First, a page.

Changes to Florida Condominium Law Include New Limits, Obligations, and Criminal Penalties for Board Members
Community association board members in Florida have many legal and fiduciary obligations to the association and property owners. There are also corresponding consequences when those obligations are not met or a board member engages in misconduct. But now there are even more responsibilities and potential civil and criminal liability under a new law recently signed by Florida Gov. Rick Scott.
The new law, which consists of amendments to Chapter 718 of the Florida Statutes, became effective July 1. It was written and passed unanimously in both houses of the state legislature in response to highly-publicized incidents of fraud and abuse by condominium board members in South Florida. Specifically, a “Condo Nightmares” series by el Nuevo Herald and Univisión 23 highlighted cases of electoral fraud, forged signatures on ballots, conflicts of interests, misappropriation of funds and rigged bids. These reports ultimately led a Miami-Dade grand jury to recommend changes to the law regulating condos as well as reforms to the state Department of Business and Professional Regulation (DBPR) which regulates condominium associations.
Key Aspects of New Condo Law
The changes contained in the new law will require changes in the ways condo boards conduct business, limit how and for how long board members can serve, and impose greater sanctions for certain types of misconduct. Specifically:
- Condominium associations with 150 or more units will need to publish financial reports on a password-protected web page accessible to all residents. If it’s proven that documents were denied to owners in order to hide fraud, those responsible could face felony charges under a provision that takes effect in July 2018.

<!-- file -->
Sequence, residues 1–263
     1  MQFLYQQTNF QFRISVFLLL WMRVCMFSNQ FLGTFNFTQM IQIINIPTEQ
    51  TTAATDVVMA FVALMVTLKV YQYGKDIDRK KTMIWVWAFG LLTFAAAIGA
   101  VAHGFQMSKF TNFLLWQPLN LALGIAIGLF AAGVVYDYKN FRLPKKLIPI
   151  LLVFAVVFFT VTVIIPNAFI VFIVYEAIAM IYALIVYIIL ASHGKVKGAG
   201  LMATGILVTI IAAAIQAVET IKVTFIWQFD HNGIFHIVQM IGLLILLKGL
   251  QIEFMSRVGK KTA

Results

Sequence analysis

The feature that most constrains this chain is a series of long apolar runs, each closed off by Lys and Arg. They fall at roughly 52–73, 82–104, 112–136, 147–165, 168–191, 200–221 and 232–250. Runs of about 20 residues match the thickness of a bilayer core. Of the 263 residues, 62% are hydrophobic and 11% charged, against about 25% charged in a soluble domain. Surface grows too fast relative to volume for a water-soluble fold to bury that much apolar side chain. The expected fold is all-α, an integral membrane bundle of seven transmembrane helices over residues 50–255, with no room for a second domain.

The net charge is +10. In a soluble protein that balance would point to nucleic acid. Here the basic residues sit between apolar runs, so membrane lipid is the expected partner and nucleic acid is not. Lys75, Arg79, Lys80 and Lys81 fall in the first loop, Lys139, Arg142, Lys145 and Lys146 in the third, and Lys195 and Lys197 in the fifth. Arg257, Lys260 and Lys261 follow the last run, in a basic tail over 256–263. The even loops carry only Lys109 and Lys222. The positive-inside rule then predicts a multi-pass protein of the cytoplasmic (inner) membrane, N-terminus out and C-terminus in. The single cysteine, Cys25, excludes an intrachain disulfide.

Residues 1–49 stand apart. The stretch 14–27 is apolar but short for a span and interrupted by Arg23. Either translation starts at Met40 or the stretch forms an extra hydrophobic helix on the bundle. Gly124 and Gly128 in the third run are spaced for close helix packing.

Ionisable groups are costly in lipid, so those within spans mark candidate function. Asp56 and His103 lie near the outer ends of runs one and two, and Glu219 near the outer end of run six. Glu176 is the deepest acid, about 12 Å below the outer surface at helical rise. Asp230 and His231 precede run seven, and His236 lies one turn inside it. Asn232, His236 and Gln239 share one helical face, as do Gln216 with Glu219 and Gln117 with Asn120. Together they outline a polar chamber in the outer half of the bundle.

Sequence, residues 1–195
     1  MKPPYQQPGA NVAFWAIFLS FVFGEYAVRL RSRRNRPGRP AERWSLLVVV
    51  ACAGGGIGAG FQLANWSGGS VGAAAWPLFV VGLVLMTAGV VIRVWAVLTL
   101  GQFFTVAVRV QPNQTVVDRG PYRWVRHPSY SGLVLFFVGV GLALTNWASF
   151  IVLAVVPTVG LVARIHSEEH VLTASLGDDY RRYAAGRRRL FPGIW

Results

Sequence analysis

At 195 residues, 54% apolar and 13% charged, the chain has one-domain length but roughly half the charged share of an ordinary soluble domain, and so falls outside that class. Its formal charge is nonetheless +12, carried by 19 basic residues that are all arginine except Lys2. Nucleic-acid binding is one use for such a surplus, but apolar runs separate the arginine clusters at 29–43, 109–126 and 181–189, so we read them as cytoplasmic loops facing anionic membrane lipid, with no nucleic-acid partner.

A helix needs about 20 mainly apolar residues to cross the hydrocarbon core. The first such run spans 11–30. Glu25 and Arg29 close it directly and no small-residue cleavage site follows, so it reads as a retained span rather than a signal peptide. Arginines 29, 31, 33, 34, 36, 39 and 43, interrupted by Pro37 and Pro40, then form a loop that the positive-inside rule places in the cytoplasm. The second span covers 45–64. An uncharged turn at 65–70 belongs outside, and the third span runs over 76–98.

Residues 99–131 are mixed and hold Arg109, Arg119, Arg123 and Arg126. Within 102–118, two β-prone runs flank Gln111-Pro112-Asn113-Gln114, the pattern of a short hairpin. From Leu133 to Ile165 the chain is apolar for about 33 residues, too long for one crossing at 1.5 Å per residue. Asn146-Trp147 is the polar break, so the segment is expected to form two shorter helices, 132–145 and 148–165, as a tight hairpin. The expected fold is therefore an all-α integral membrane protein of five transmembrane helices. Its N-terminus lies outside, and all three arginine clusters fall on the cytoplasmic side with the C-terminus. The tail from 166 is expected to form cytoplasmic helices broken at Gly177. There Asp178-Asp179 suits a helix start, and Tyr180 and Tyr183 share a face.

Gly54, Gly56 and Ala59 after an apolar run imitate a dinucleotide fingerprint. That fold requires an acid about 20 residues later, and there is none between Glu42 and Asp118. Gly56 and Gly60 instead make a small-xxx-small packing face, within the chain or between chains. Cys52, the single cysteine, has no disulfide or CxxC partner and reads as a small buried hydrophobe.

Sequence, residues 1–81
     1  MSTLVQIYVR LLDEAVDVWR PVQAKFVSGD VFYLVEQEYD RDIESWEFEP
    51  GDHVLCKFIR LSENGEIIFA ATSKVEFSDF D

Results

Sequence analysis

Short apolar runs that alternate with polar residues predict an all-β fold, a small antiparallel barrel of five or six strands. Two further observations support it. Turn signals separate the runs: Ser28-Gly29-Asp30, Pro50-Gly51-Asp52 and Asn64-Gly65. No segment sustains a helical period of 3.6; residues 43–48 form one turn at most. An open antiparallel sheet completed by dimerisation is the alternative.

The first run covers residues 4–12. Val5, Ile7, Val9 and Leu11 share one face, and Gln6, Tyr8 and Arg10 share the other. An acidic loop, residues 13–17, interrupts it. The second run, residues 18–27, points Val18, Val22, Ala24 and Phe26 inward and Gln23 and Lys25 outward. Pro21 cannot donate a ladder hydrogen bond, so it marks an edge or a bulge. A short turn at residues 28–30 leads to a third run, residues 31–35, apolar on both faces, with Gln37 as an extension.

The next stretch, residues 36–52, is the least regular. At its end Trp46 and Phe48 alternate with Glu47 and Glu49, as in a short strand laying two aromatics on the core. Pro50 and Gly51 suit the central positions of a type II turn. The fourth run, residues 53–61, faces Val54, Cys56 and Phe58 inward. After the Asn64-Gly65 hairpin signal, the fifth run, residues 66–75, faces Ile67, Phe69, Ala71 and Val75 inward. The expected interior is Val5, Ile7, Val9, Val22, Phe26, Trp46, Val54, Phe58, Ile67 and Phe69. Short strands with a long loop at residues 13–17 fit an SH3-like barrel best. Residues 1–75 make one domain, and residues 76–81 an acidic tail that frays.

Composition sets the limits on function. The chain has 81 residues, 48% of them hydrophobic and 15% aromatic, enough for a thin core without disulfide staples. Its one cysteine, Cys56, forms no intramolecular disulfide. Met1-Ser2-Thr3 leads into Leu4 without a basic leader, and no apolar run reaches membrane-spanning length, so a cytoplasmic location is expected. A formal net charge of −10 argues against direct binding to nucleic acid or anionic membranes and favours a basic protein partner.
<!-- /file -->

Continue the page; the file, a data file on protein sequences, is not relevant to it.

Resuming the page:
- Directors will be limited to eight years on the board of condominium’ associations, however, they can remain in office if they receive two-thirds of the votes from owners in subsequent elections.
- In an effort to prevent nepotism or inside dealing, directors are now barred from receiving payments from the association or hiring their relatives. Currently, directors can be paid for services such as cleaning, painting and repairs if all other directors are informed of the arrangement.
- Officers, directors, or managers of a condominium association are prohibited from soliciting, offering to accept, or accepting a kickback for which consideration has not been provided.
- An association is prohibited from hiring an attorney who represents the management company of the association.
- To minimize the chances of election fraud, the following actions now constitute criminal offenses that could lead to imprisonment upon conviction:
- the falsification of signatures on ballots for board elections
- theft of ballots and
- the disappearance of votes
- debit cards
If you have questions about these changes to the law and how they may impact your Northwest Florida condominium association, we can help. McDonald Fleming Moorhead provides seasoned representation for all forms of common ownership property throughout northwest Florida. This includes condominium associations, cooperative associations, commercial condominium associations, mobile park associations, and homeowners’ association attorneys.